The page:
While traveling the northern coast of Florida and investigating the economic tendencies of rabbits and their reading habits, I found myself on Amelia Island and took the opportunity to visit their historical museum to see what I might turn up. The curator was a crusty old salt with a jaundiced eye, a severe limp, and a shortage of fresh batteries for his hearing aid. He greeted me kindly and after a lengthy explanation that involved the appearance of an ear trumpet, I finally managed to communicate to him that my interest lay chiefly in the study of 18th century letters, logbooks, and other maritime documents. I suspect he didn’t think much of my particular interests. He repeatedly steered me toward his vast collection of fish hooks and lighthouse replicas. I would not be dissuaded, however, and at last he showed me to a tiny closet at the rear of the museum inside which were stacked a treasure of old medical records previously collected by the family of Jefferson Betters, a man of some local renown who held offices for surgery in a number of small towns along the coast. The curator informed me with great disappointment that Dr. Betters’s collection of amputated leg bones, fingers, and various other appendages along with several pickled specimens of dubious origin had lately been sold to Vanderbilt University along with a small number of additional medical logs and documents.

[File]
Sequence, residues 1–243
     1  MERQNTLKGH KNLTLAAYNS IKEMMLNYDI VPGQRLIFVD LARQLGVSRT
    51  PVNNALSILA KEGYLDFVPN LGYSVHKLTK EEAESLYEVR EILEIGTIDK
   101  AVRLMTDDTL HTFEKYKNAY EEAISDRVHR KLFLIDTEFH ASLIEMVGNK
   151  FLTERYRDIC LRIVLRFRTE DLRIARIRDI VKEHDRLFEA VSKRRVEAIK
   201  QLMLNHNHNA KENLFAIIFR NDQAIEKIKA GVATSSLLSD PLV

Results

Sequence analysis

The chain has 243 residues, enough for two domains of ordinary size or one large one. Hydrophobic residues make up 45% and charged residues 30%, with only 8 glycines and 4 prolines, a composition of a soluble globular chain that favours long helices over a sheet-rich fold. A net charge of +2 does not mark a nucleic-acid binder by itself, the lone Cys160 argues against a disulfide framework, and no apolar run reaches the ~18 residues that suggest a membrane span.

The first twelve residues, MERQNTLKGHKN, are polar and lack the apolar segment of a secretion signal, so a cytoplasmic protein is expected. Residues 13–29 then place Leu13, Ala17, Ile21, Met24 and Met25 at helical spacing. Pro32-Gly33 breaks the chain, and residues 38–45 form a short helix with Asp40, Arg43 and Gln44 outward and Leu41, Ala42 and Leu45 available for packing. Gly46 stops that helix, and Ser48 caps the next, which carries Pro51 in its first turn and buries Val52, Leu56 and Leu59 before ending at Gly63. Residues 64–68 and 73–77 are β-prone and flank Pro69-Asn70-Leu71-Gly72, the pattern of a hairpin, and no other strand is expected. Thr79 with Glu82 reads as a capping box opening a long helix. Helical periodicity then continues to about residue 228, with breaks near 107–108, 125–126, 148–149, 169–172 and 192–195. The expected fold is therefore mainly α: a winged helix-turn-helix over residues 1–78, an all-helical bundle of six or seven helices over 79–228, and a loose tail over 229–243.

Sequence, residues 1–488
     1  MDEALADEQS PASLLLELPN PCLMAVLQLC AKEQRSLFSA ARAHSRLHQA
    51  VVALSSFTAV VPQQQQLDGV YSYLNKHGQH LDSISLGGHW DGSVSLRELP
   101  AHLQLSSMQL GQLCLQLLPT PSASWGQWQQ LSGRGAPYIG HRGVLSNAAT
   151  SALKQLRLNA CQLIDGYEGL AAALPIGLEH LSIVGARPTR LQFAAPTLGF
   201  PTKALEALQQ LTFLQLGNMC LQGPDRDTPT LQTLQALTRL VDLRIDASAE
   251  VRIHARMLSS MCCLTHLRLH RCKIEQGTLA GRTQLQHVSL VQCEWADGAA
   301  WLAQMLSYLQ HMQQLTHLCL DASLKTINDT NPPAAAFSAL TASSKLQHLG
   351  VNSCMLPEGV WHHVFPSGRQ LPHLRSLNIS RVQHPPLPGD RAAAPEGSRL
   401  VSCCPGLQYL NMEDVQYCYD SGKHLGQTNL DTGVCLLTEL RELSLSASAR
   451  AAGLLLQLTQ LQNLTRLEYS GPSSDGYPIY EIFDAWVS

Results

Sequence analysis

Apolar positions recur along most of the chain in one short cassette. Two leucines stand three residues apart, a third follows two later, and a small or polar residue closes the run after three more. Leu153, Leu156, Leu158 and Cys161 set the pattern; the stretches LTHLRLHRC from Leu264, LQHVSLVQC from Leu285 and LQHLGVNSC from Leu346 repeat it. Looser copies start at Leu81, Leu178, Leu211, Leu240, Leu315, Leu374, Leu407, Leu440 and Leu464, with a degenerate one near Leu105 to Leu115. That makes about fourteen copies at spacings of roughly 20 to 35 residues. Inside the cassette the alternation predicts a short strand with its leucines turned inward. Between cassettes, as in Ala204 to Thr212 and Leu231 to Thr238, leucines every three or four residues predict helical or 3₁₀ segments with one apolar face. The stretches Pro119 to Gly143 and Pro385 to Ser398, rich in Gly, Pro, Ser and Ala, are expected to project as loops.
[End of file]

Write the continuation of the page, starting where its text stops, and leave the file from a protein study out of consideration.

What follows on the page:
Happily, the gentleman then left me to peruse the remainder of the collection at my own leisure and after many hours of study, I emerged with a single page of a letter bearing mention of Fin Button. The letter, dated January 12th, 1776, has been meticulously transcribed and now awaits your consideration on the Letters to Peter page.